Fort Collins Named a Platinum Bicycle Friendly Community by the League of American Bicyclists
As bicycling continues to grow in popularity, leaders in cities across the country, like Fort Collins, are embracing the environmental, financial and quality of life benefits that come with a population that likes to ride. Today, the League of American Bicyclists announced the latest round of Bicycle Friendly Communities (BFC) and Fort Collins has been named a Platinum BFC. Read the rest of this entry
We celebrate Bike and Walk to School Days because, sadly, things have changed. Forty years ago, the majority of children walked or biked to school, particularly those from families that lived within 1 mile. Now this rate is from 5 to 15 percent nationally.
As much as 30 percent of morning traffic is parents transporting their children to school. The nation’s Safe Routes to School program was created in response to the decline in children biking and walking to school and due to concerns about children’s health and the environment.
The city of Fort Collins’ Safe Routes to School program has set an ambitious goal of getting 50 percent of schoolchildren biking or walking to school regularly. Current rates in our city are as low as 10 to 25 percent. Read the rest of this entry
Last year, Forbes Magazine reported the annual operating cost of a bicycle at $308, compared with $8,220 for the average car.
Are you ready to ditch your car to become a full-time bicycle commuter and save $7,912 a year? Even a partial savings of fuel costs adds up quickly. According to Consumer Reports, you could spend more than $11,000 annually to fill up your RAV4, or $15,000 for your Jeep Liberty.
Why not try it once or twice a week? Admittedly for the beginning or infrequent bicycle commuter, there are challenges. The good news is they all can be overcome with motivation, using the proper equipment, and wearing appropriate clothes. Read the rest of this entry
Springtime means flowers bloom and more people ride bikes, so it’s the perfect time to hone up on bike safety techniques, rules of the road and basic bike maintenance skills. And Loveland residents can do all three during “Roll Into Spring” week, April 22-26.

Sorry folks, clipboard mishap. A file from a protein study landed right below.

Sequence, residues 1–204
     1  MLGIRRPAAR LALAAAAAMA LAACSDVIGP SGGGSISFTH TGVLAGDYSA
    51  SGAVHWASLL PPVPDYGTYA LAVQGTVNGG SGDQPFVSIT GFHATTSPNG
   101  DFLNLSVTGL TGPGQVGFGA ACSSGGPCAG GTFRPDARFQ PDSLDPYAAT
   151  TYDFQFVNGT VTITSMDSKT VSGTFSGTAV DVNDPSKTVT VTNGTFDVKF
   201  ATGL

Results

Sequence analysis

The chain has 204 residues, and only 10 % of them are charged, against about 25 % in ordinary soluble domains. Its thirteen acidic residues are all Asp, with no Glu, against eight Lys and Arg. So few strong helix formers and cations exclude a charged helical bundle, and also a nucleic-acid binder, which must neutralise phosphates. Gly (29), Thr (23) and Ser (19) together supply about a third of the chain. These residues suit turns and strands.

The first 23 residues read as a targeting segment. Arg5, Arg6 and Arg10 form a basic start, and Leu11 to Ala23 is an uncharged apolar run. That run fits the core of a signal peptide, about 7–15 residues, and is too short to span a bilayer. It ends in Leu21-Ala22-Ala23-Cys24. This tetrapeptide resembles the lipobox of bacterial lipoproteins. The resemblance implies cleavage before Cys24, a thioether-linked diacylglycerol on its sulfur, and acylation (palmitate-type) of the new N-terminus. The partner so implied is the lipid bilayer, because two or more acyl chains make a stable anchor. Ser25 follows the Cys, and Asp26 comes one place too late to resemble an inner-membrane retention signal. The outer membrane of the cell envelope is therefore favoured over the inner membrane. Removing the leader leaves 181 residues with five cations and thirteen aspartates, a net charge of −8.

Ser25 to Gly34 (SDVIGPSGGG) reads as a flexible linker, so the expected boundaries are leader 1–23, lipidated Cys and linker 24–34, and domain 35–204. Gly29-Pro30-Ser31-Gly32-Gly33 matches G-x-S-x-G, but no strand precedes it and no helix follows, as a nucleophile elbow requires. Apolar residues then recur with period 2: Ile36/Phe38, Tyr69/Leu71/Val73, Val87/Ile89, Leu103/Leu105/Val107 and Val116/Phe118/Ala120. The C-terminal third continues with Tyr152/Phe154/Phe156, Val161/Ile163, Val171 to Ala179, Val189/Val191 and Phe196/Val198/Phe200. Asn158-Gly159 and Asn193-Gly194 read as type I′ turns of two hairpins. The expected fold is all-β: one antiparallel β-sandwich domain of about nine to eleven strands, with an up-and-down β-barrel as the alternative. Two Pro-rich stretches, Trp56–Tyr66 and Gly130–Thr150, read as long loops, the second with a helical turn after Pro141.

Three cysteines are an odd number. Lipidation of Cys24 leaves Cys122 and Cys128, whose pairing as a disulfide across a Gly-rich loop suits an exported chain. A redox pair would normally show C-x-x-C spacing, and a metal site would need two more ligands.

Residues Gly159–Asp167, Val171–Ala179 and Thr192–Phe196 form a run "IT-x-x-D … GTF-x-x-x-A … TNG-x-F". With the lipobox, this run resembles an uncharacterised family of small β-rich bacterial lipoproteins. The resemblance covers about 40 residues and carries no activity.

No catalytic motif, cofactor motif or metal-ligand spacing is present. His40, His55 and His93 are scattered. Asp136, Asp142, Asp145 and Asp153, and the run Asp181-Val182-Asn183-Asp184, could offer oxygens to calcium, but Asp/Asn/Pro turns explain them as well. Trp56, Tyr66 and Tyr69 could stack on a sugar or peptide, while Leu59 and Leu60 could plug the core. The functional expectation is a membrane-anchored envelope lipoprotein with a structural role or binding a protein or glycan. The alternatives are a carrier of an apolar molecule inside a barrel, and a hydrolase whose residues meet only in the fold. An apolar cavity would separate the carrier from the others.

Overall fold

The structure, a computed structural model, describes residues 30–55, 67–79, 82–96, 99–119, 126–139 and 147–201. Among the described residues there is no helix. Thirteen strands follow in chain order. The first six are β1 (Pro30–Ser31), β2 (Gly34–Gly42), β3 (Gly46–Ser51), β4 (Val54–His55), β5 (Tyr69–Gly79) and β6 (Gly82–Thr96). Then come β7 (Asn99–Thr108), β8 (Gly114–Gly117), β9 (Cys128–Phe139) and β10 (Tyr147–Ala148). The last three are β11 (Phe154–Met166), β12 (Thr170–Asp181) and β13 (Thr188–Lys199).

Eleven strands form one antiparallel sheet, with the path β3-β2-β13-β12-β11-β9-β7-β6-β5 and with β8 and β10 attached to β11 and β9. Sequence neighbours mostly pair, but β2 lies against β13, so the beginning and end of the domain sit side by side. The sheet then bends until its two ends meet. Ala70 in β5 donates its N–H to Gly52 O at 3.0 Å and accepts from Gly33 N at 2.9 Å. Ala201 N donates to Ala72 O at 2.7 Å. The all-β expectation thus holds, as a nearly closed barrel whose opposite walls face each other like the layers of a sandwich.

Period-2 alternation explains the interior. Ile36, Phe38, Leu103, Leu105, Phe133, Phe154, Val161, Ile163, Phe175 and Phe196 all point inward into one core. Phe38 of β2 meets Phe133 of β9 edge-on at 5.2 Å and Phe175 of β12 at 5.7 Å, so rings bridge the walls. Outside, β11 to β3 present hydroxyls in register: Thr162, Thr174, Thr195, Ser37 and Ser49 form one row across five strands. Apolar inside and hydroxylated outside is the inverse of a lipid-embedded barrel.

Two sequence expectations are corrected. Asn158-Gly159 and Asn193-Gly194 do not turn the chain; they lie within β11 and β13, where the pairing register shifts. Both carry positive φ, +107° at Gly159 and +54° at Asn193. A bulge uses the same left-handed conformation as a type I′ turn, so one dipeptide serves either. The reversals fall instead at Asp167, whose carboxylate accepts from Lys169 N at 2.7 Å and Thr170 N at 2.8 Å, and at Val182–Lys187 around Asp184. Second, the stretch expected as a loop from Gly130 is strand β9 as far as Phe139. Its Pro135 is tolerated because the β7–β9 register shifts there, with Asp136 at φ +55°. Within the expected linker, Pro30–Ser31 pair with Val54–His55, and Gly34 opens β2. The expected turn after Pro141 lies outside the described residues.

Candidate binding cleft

BPEC and its Bicycle Ambassador Program, in partnership with FC Bikes, the City of Loveland and all BPEC members, are hosting a week of fun bicycle events to encourage more people to ride and to do so safely. Highlights for the week include: Read the rest of this entry
I recently (and successfully) completed a League of American Bicyclists instructor course. After an exciting ride through downtown Fort Collins on a Friday night, several skills tests, group and individual presentations, and many teaching scenarios and discussions about how to teach bike safety, 11 local bicyclists and I are new League Cycling Instructors, or LCIs.
Mostly, the course reiterated information I’d already learned and skills I routinely use as I commute by bicycle year-round. One concept witnessed and lesson learned surprised me, however: how important it is to have the right kind of reflection to be visible at night.
People who know me may be chuckling right now, because I wear one of the most fluorescent riding jackets available. It was a gift from my husband, who’s a paramedic, and has a reflectivity rating high enough to make it legal apparel for directing traffic while standing in the center of Interstate 25. And in addition to a white front light and rear red flashing light mounted to my bike, I have one of the brightest helmet-mounted light systems on the market. If people can’t see me, they either aren’t looking or they are visually impaired.
But even with all of that, I did not win the “most visible after dark” prize in my LCI class. Our instructor did, because of the reflective, light-up band he wore on his left leg (the side nearest traffic most of the time). Here’s why: Read the rest of this entry
As the spring cycling season rolls upon us, our wheels are turning trying to keep pace with all the activities and events approaching in the coming months.
The momentum starts in April and it just keeps building through the summer. Whether you are a newbie to cycling or a seasoned veteran, whether you want to be on the outside looking in or you’re on the inside looking out — an eclectic array of opportunities awaits.
The more exposure we have to bicycling in any shape or form, the better we’ll all understand the bicycling culture — the people, the stuff and the physical space — and thus we overcome hesitancies to get on a bike and ride. Making it fun and easy is the key to increasing our comfort level, so start exploring opportunities now and get involved at the level that feels right for you. Challenge yourself to tap in to the bicycling scene in each of the following ways, at least once this year: Read the rest of this entry
Fort Collins is a community of active and involved bicyclists. Many of us pride ourselves on the frequency with which we ride, our eclectic collection of bicycles, the extreme conditions in which we ride, and the extent to which we get involved with local and statewide cycling events.